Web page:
After government investigators reported finding that workers with counterfeit badges had gained access to restricted areas at Chicago O'Hare International Airport, it triggered a series of arrests that has officials questioning security at one of the nation's busiest airports.
Authorities arrested more than 20 suspects, all believed to be illegal immigrants, after federal agents found they were allegedly using fake and expired security badges that allowed them widespread access to the airport, including unfettered access to commercial planes.
The workers, who loaded food and cargo onto aircraft, were employees of Ideal Staffing Services Inc., a temporary employment company whose managers allegedly assisted in getting them bogus security badges.
A corporate officer and office manager employed with Ideal Staffing were also arrested Wednesday as part of the investigation.
"We can have no tolerance for people who set up businesses for people with fake identities to have access to secure areas of the airport," U.S. attorney Patrick Fitzgerald said at a press conference announcing the arrests.
Ideal Staffing's Mary Gurin, 36, of Carpentersville, Ill., and Norinye Benitez, 24, of Franklin Park, Ill., each face one count of harboring illegal aliens for financial gain, and an additional count of misuse of Social Security numbers.
Authorities said Benitez herself is in the United States illegally, and that Gurin was aware of her reputed illegal immigration status but still signed her airport badge application.
An affidavit filed by an Immigration and Customs Enforcement special agent stated that in a Nov. 4 interview with Benitez, she said that "Gurin is the person who directs her work at Ideal Staffing," and that "Benitez also stated that she advised Gurin that she was an illegal alien at around the time she began working for Ideal Staffing."
According to a separate affidavit detailing Benitez's alleged activities, on her application for a security badge "she used an SSN [Social Security number] with the last four digits of 6291. The SSN used was issued to a person with a different name in Iowa in 1973."
But authorities said Benitez's suspicious badge application is one of many they found in their investigation.
The government said more than 100 workers possessed fraudulently obtained badges originally issued by the Chicago Department of Aviation. The company managers allegedly gave their workers old or deactivated badges, which allowed access to secure areas at the facility, including the tarmac and cargo warehouses.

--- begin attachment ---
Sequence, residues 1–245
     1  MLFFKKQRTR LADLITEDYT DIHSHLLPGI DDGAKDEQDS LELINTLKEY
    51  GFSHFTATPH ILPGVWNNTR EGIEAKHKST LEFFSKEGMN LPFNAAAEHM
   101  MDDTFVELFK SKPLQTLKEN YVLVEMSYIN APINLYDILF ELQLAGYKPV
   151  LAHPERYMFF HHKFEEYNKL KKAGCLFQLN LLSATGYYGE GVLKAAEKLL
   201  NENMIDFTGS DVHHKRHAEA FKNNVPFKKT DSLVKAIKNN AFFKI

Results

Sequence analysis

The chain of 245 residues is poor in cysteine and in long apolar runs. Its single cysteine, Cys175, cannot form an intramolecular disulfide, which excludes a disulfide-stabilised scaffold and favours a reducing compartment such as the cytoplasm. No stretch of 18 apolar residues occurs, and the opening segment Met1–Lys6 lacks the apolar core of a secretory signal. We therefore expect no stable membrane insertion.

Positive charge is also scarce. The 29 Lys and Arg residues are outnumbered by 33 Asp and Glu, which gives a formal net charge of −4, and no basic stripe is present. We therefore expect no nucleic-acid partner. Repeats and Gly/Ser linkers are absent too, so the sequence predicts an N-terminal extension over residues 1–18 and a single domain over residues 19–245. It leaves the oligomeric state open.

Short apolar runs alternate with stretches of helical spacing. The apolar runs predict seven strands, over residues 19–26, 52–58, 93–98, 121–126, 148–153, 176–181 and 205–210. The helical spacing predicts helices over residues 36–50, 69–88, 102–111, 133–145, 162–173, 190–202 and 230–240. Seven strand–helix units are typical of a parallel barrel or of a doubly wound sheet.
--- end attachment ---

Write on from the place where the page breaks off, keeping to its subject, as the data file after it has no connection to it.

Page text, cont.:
The affidavit stated that in one instance, Benitez told one of Ideal Staffing Solutions' workers to sort through "a box containing approximately 20 airport security badges" of past employees and "pick one with a picture that most closely resembled his own likeness." The employee, who is cooperating with the investigation, told investigators he used one of the badges in the box to gain access to a United Airlines cargo facility.
The agent's statement added that the Chicago Department of Aviation's records showed that the selected badge "had been deactivated and should not be used for airport security access," and that the employee was never fingerprinted for a background check as regulations require.
Immigration and Customs Enforcement officials said that early last month, agents reviewed more than 150 badge applications submitted by the company for 120 of its employees. In the affidavit, the agent reported that "110 of the applications listed Social Security numbers that either do not exist or belong to other persons, some of which were deceased."
ABC News called Ideal Staffing's Bensenville, Ill., office, but a voice mail message left for Gurin has not been returned.
"The fact that we didn't pick this up, says that our system is broken and it's absolutely terrifying that this kind of situation would go on," House Homeland Security Chairman Bennie Thompson, D-Miss., told ABC News.
If they are convicted, Gurin and Benitez could face a maximum penalty of 10 years in prison on the harboring charge, and five years for misusing Social Security numbers.
The workers arrested on state charges could face a maximum of three years in prison if found guilty.
Security officials said this case showed that despite all the billions spent securing airports since the Sept. 11 attacks, in some cases airports do not have a handle on who is working in sensitive areas or on some of the planes.
Concerned Homeland security officials told ABC News they are planning more investigations at airports across the country, worried that if such a breach could happen at O'Hare, it could happen anywhere.